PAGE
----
It's all Olympics all the time these days. Our house is mad for swimming and gymnastics mostly, but Mr. G is chomping at the bit for the track and field events. Rugby's an exciting addition and who doesn't enjoy cycling? That was a nail-biter finish for the American women's team. I'm always inspired by the athletes' accomplishments and stories. It's awesome to watch people compete at such a high level. Then I dive in our pool and swim my own laps, my form sluggish and awkward by comparison. My backstroke is solid however, and it's easy to imagine how gracefully I cut through the water when I'm not keeping water out of my nose. (My butterfly stroke, on the other hand, looks tragic and causes Team Testosterone to ask if I need help getting out of the water.)
I swam through my childhood. It was a good sport for a young asthmatic. The humid environment of a YMCA swimming pool kept my lungs from closing up and I got to stay active. Before one of our last family moves (from big city to small town before 9th grade) I even got a taste of a swim meet--I swam the backstroke and took 2nd place in the race. Then my family moved to a place without a swim team or a pool. We lived on a lake, so I took to swimming across the seaweed and bluegills instead of in a roped off lane with painted lines beneath the chlorinated water. Our neighbor was an older woman who swam daily in the summer. I remember her getting in the lake, her skin very tan against her white suit and swim cap over her bleached blonde hair. Char was in fabulous shape, a testament to the sport.
Two other trends I'm paying attention to in this Olympics: the cup marks and the fingernails. This is the first time I've noticed "cupping" even though I've heard of it. I wonder if it's a fad or if there's something to it.
But mostly I'm transfixed by those fingernails. All the athletes have funky manicures, even the ones from poor countries have bright designs on their fingertips. I haven't had a manicure since the day before my wedding two decades ago. I keep my nails cut short, they irritate the hell out of me when they get a millimeter too long. When did nail polish become the standard? I remember when people only painted their nails for special occasions, and most women painted their own. My grandmother was fond of a dusty mauve shade on her nails, my college pal who went on to become a nail artist painted her nails "Whore Red," "Whore Pink" or "Whore Purple" depending on her mood. But most people didn't really paint their nails much when I was younger.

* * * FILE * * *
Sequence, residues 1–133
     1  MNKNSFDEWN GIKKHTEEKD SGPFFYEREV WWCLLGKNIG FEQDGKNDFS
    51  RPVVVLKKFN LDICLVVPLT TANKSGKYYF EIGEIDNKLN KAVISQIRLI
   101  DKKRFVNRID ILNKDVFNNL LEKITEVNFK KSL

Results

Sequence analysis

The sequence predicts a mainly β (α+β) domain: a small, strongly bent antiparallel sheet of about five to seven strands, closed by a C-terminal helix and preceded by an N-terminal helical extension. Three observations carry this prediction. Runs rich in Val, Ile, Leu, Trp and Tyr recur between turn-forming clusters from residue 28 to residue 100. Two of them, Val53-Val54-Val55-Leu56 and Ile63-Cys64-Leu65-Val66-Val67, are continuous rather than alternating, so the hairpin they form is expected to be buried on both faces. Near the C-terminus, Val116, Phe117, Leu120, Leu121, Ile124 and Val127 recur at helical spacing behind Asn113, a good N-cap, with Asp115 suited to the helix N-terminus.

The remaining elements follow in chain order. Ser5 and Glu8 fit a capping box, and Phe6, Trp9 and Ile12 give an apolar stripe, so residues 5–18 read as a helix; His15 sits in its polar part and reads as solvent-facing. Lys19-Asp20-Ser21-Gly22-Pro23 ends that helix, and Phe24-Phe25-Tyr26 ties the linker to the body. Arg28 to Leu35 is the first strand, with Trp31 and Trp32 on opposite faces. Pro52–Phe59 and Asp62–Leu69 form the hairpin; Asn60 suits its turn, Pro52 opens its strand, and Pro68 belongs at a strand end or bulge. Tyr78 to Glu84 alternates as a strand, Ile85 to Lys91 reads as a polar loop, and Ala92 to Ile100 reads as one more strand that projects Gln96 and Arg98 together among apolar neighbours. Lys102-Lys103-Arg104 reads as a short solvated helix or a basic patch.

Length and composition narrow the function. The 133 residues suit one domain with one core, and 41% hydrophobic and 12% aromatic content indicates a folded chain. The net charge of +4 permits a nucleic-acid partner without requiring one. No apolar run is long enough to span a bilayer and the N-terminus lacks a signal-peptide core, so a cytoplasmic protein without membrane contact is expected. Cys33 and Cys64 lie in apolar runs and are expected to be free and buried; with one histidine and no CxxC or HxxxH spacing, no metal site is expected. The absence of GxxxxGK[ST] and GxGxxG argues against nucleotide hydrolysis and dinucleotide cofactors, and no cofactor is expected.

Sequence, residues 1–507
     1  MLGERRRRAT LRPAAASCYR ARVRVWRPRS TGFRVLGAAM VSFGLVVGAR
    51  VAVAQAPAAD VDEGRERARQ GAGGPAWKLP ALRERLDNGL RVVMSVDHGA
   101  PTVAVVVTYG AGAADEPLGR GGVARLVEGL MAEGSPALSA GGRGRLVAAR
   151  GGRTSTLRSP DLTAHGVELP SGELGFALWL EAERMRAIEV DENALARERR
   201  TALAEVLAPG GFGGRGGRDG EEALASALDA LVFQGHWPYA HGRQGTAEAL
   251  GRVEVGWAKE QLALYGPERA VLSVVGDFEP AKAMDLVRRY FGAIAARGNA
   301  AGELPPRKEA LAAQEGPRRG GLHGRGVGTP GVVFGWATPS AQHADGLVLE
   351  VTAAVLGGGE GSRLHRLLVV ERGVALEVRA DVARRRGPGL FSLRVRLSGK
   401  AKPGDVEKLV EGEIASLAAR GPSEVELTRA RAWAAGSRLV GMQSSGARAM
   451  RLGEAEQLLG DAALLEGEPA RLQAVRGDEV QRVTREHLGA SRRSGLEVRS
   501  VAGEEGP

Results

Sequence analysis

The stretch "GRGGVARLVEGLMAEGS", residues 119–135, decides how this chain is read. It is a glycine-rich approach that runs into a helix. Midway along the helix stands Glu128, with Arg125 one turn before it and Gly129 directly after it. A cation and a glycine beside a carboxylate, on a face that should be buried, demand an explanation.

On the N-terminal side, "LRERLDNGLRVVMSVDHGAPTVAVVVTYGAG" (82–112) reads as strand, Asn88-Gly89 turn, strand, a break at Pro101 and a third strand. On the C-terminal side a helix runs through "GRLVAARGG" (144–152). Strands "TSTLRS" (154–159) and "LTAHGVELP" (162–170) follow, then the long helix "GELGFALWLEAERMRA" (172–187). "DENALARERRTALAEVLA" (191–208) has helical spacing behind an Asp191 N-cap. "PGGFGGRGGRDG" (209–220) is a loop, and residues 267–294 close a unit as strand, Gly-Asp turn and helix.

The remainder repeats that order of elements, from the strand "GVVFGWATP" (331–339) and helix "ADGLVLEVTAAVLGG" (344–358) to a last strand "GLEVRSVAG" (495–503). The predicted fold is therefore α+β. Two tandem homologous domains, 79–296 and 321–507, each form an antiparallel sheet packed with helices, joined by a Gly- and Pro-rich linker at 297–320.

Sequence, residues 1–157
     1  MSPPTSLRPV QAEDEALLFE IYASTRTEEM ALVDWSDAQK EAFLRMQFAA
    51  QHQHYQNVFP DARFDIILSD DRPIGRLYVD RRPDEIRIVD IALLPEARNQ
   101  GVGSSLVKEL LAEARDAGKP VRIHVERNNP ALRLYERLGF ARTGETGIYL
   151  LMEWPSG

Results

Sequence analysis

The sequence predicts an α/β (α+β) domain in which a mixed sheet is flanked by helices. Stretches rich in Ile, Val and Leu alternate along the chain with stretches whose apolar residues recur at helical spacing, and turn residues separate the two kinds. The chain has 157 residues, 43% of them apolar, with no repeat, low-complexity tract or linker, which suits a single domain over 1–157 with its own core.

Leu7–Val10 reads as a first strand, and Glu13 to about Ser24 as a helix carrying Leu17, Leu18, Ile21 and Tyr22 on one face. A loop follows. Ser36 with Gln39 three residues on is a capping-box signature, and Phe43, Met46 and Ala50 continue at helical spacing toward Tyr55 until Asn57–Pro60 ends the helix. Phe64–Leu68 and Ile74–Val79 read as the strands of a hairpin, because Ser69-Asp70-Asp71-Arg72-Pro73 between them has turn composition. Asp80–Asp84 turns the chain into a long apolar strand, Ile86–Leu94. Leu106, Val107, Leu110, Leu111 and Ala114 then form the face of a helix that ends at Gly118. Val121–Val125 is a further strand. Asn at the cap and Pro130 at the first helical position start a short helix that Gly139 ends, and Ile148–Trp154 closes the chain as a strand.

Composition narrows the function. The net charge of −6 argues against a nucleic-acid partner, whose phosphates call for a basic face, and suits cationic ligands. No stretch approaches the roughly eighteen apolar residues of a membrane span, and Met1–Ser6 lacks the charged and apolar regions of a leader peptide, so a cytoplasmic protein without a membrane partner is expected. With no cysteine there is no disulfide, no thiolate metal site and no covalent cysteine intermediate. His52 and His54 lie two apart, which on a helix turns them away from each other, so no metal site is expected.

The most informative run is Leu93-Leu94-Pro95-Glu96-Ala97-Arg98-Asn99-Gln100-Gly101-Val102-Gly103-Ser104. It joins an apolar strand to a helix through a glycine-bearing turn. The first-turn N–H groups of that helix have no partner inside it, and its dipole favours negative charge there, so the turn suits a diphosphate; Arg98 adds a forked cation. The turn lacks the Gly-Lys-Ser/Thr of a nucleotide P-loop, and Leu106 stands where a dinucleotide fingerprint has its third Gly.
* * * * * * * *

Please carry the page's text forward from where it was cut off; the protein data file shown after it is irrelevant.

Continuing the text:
As far as Olympic nails, the only person I remember making a fashion statement with her hands was the champion sprinter Flo-Jo--remember her?
But now the nail-painting is the norm. When did this change? Why? I'm fascinated and I watch each event distracted by the fingernails, looking for the paint job, appreciating how it expresses each athlete's individuality and spirit and nationalism. The next time I sit down to watch women's gymnastics I'll mentally supplement the commentary about their routines' difficulty and form. The Russian judge gave it a 7.965, taking that tenth of a point off for that extra step. I like how the colors on her nails match her leotard. Look at how she keeps her feet together the precision of each turn. Look how the glitter in the nail polish sparkles, too! Here's a difficult combination, even accomplished athletes never attempt a triple handspring on the floor, let alone a balance beam three feet in the air. Ah, she's got a contrasting design on her ring finger. Nice touch. There's the buzzer, time's running short. She stuck the landing! Nailed it! Team USA continuing to dominate this event!
You can read more exhaustive coverage on Olympic manicures here.
Spill it, reader. Do you watch Rio 2016? What's your favorite event? Are you stuck on the nails, like me? Or are you just swooning over the Brazilian men's gymnastics team?